Manufacturing job growth gets top marks

The Phoenix area closed out 2018 as the city with the second-highest job growth of the year and continues to ride that ship into the new year. Last year, employment grew 4.2 percent from Dec. 2017-Nov. 2018, according to CBRE research and U.S. Bureau of Labor Statistics, adding 86,800 new jobs during that time period. From tech jobs to bio and finance-related jobs, Phoenix has continued to carve out a corner for itself as a worker’s market.

Now, another sector is emerging in the Phoenix area, giving way to competitive job growth among the nation’s top metropolitan areas: manufacturing. According to analysis from Kempler Industries, the greater Phoenix region landed in the top 50 areas of the country’s mid-major to major markets for manufacturing job growth, coming in at number 46. Kempler, an Illinois-based provider of heavy machinery, used data on 236 cities from the U.S. Bureau of Labor Statistics and the Census Bureau to examine the growth and change in job trends.

The analysis included grading cities on the total number of manufacturing jobs, year-over-year job growth, median income in manufacturing, and housing affordability for each market.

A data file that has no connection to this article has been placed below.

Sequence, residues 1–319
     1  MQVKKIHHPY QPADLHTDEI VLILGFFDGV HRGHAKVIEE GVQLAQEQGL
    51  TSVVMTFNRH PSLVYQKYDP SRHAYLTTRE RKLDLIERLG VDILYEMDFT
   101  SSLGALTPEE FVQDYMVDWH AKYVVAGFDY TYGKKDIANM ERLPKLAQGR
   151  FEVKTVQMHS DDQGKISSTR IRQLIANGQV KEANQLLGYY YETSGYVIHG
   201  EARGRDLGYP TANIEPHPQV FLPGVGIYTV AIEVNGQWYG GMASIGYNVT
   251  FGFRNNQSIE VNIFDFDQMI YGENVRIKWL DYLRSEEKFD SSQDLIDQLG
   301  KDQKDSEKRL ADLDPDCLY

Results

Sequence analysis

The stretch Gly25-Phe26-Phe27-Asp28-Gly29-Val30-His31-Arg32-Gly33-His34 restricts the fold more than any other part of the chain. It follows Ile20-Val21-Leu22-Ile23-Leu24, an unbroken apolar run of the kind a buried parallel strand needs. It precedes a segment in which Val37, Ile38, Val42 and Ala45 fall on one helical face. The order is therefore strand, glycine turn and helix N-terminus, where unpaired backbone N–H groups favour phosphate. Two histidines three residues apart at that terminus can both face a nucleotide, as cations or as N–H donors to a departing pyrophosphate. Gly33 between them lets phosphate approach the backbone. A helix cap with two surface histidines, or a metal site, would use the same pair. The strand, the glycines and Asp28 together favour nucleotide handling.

“Last year alone, Arizona added 6,600 manufacturing jobs, and I understand the bulk of the growth occurred in the Greater Phoenix area,” said Dawn Grove, chairwoman of the Arizona Manufacturers Council. “We’ve seen growth in aerospace & defense, advanced technologies, electronics, optics, even food manufacturing. PING grew, adding several dozen jobs here as well.”

In recent years, Phoenix has seen the biggest jump for small-business wage growth among the major metropolitan cities in the country, according to Paychex-HIS Markit—another example of a worker-friendly environment. When it comes to manufacturing jobs, the area boasts 3,222 jobs per 100,000 people for a total of 135,100 jobs. Job opening growth in the industry grew 5.4 percent from 2017-2018, according to Kempler, mirroring the expected growth of 3.4 percent in the industry over the next two years.

“Manufacturers are like magnets that attract suppliers and service-providers all around them, so the more manufacturers come to Phoenix, the more exponential the growth,” adds Grove.

Last year, the American component of London-based research company PwC put out its results of countries and states that were surging in aerospace and defense industry manufacturing sectors. Arizona landed at number four in the United States due to its 1,200 aerospace and defense supply-chain enterprises in operation, which has opened the door to more than 55,000 jobs.

“The National Association of Manufacturers reports that manufacturers’ optimism for the future is at an all-time high nationwide, and Phoenix has reason for even more optimism, given the growth of manufacturing locally,” Grove said.

Nick Esquer

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